The Fratellis ”We Need Medicine” (BMG Records)
Glasgow-based indie rockers The Fratellis have finally unveiled the long awaited follow-up to 2008’s “Here We Stand,” and this eagerly anticipated offering features more of the infectious bluesy romps which have been delighting audiences ever since the band burst onto the scene in 2006 with the million selling “Costello Music.” Their decision to take a lengthy sabbatical from group activities seems to have been totally vindicated as the trio have returned to the fray with renewed energy as they deliver a batch of fine new songs led by “Seven Days Seven Nights,” “Halloween Blues” and “We Need Medicine” itself.
Spacehog ”As It Is On Earth” (SH 004)
Twelve years have slipped by since Spacehog’s third album, “The Hogysssey” was released to a wave of general indifference, prompting the expatriate English indie band to throw in the towel soon afterwards. The Langdon brothers have now been tempted back into the studio to make another mildly psychedelic bid for rock stardom, with uniformly excellent results. Spacehog stick fairly closely to the enticing formula which proved so lucrative for them during their early years, paying homage to the musical legacies of T.Rex, Queen and David Bowie via anthemic gems such as “Oh Dinosaur,” “Curious Thing” and the epic “Deceit.”
“Berliner Philharmoniker Centenary Edition” (D.G. 479 1049)
The Berlin Philharmonic celebrate their hundred year relationship with the world’s leading classical label by releasing this remarkably inexpensive 50 CD set, whose contents were chosen by global public vote. The earliest musical offering in this weighty package dates from 1913 but most of the archive recordings featured here were captured for posterity during the past half century, including definitive performances of works by Mahler, Mozart, Beethoven and Richard Strauss to name but a few.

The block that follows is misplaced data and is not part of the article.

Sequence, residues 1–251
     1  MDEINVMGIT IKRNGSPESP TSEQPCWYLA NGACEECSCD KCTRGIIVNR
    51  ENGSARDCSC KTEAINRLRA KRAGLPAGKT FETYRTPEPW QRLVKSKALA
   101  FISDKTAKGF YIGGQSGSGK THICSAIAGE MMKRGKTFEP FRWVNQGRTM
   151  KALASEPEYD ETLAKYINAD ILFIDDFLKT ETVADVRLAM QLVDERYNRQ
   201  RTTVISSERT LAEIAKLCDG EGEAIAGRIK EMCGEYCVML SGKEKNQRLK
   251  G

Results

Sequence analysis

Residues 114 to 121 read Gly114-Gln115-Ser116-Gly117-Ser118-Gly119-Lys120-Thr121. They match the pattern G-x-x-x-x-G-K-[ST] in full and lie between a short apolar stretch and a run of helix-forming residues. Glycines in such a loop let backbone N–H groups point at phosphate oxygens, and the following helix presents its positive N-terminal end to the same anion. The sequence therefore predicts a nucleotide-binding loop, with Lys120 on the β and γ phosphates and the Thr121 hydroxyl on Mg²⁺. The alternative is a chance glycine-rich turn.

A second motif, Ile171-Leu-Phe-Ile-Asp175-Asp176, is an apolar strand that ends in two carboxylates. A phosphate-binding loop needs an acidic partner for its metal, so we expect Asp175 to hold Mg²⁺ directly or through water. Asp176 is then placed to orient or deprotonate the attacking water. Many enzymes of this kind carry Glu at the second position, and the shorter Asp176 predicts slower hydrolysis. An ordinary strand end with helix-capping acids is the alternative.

The Shadows “The Early Years(Expanded Edition)”(Parlophone Records)
Tuneful instrumental pop was all the rage for a few years during the pre-Beatles era in the early sixties, and Cliff Richard’s backing band were quick to capitalise on this short-lived phenomenon, notching up a string of hits characterised by the unique sound of Hank Marvin’s echo laden Fender guitar. This well annotated six CD set brings together all the commercially released tracks that The Shadows recorded between 1959 and 1966, serving up evocative chart-toppers such as “Apache,” “Wonderful Land” and “Kon-Tiki,” alongside easy on the ear renditions of everything from Glenn Miller’s “In The Mood” to Duane Eddy’s “Shazam.”
Clannad ”Nadur” (ARC EUCD 2471)
Clannad’s unique fusion of Irish folk and New Age music first captured the hearts of the record-buying public during the early eighties, when the Donegal quintet soared into the higher reaches of the Top 40 with the haunting “Theme From Harry’s Game.” They were regular fixtures in the album charts for the next decade or so but little has been heard from the band recently, and “Nadur” actually represents the original line-up’s first new offering since 1989’s “Past Present.” The contents signal a partial return to Clannad’s folk roots, and devotees would be well advised to lend an ear to fine tracks such as “Citi na gCumann,” “Setanta” and “Tobar an tSaoil.”